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This simple hovercraft makes use of everyday materials, but provides plenty of thrills as it floats on a cushion of air.
You will need s Balloon s Old CD s Pack of Blu-Tack s Plastic sports bottle cap s Smooth floor
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What to do
Take a piece of Blu-Tack (about the size of a 2p coin) and roll it into a thick sausage, wrapping it around the rim of the bottle cap.
Use the Blu-Tack to stick the cap over the central hole of the CD, ensuring that the disc is printed side up.
Pictures: Alex Peatfield/94th Keele Scouts
Blow up the balloon and place it over the sports bottle cap, making sure that the cap is closed. Let go – the balloon should stay inflated. If it doesn’t then make sure your Blu-Tack is forming an effective seal.
Place your hovercraft on the floor and carefully open the sports bottle cap. Give the CD a little push. It should then glide across the surface as the balloon deflates.
See whose hovercraft can travel furthest, and experiment with different sizes of balloon. What effect does this have? How about using a larger disc, such as a plastic plate or an old vinyl record?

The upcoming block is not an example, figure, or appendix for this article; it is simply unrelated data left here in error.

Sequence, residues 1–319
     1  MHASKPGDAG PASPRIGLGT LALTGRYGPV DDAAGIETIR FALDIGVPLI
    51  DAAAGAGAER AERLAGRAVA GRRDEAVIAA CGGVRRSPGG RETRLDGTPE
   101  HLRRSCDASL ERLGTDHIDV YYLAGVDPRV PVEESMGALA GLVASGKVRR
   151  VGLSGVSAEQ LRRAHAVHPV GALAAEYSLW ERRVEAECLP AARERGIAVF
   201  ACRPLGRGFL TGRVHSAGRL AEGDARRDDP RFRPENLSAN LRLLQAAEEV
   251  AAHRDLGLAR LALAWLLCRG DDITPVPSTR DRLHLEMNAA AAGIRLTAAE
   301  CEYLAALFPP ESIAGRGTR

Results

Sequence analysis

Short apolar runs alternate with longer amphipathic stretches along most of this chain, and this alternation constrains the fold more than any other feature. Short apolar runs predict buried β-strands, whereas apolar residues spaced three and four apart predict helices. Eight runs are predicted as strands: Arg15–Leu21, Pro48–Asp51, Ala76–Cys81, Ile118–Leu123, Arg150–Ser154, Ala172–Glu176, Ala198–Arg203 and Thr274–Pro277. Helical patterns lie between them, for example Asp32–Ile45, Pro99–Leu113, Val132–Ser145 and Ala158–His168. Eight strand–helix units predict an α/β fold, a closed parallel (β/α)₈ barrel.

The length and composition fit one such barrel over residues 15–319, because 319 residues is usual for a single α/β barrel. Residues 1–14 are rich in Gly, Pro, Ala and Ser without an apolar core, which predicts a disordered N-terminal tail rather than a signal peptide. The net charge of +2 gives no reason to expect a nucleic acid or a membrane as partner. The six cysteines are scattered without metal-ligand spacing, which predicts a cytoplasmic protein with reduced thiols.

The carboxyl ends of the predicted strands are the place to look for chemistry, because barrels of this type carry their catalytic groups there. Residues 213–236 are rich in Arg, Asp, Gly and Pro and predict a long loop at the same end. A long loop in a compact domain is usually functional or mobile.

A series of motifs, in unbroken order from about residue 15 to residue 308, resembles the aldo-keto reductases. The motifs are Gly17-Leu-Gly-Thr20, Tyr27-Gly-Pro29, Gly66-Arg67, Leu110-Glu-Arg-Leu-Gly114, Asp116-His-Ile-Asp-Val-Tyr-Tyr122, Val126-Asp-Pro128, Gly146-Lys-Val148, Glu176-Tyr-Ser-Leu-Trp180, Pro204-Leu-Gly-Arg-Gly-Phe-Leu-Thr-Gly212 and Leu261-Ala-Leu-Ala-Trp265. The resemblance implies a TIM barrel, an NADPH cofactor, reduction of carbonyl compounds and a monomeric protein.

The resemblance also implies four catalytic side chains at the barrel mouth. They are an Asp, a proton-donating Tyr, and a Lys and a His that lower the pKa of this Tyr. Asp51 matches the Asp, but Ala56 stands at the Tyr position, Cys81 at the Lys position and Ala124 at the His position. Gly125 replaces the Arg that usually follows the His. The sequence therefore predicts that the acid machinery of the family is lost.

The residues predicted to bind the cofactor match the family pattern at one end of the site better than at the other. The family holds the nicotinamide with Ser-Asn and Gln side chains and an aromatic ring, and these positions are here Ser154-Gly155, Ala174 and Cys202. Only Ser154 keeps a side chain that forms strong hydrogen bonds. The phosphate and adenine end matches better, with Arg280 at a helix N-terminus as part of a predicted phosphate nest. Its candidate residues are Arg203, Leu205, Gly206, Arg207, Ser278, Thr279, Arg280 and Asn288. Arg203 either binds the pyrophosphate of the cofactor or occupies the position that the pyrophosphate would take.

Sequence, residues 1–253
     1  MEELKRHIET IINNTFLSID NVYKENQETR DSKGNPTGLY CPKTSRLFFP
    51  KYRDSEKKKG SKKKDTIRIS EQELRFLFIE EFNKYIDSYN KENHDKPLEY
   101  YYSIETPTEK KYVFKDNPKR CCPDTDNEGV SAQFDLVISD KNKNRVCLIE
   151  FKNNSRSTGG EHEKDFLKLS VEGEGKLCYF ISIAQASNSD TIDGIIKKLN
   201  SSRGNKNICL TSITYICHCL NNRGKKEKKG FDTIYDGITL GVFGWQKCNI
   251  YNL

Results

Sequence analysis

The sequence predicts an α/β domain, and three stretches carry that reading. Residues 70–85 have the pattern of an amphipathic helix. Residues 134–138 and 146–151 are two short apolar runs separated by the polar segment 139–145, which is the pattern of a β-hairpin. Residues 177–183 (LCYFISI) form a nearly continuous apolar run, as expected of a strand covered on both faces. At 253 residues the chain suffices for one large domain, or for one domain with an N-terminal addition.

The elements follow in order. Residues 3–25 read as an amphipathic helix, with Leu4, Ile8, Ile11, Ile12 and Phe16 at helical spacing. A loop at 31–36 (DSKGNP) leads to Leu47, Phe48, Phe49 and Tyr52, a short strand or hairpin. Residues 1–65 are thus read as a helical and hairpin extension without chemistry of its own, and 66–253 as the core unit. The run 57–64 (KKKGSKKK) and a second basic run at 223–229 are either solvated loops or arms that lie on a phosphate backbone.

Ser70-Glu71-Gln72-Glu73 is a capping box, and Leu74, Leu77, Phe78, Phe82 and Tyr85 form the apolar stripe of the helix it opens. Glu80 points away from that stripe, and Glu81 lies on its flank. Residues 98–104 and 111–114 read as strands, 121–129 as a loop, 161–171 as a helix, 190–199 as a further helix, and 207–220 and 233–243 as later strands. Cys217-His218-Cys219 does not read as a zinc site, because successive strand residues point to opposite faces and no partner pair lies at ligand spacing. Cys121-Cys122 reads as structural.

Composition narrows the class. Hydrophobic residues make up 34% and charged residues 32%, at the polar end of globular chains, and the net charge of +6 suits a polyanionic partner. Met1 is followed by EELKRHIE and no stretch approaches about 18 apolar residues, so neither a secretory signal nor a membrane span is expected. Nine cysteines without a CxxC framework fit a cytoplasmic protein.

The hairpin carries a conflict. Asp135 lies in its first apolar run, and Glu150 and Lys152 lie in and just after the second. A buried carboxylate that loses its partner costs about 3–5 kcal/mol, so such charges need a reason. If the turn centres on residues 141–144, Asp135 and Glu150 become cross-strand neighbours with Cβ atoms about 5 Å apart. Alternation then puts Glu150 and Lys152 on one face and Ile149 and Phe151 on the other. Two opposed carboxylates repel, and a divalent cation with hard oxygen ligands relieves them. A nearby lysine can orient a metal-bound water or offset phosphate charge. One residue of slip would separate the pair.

8 GET ACTIVE!
SCOUTING ON A SHOESTR ING £££££
Paper planes Paper aeroplanes are easy to make and fun to fly. Investigating how to make them fly faster, higher, longer and further makes an educational but inexpensive activity Suitable for all
What will Scouts learn?
Making and flying paper aeroplanes is more than just a fun, creative activity. It introduces scientific concepts such as aeronautics, aerodynamics and forces like gravity and motion. Making a paper plane or glider is also a simple form of engineering. Scouts should work together to refine their plane designs and measure distance flown and time in the air.
s One of the most important principles of paper aeroplane design is dihedral angle. Positive dihedral angle (wings angled up) creates a stabilising effect during flight, keeping it in the air longer. Negative dihedral angle destabilises the plane, so it can perform ‘loop-the-loops’ and other stunts. s Smaller wings are better for faster planes that dart across the room, while wider wings allow planes to glide more elegantly. s When you’re folding a plane, symmetry is very important. But making one mistake when folding one wing isn’t the end of the world – just tweak the other wing so it is folded in the same way. s Use squared graph paper to make accurate folding easier. s Get Scouts to decorate or write their names on their planes for identification. s Experiment with different designs and adjust the angles of flaps and wings to change how the plane flies. For example, adjusting rudders at the back of the plane will make it turn to the left or right. Adjusting the wing elevators up or down will make the plane climb or descend. And adding weight to the nose with a paperclip or Blu-Tack will make the plane glide more steeply and help prevent it from stalling.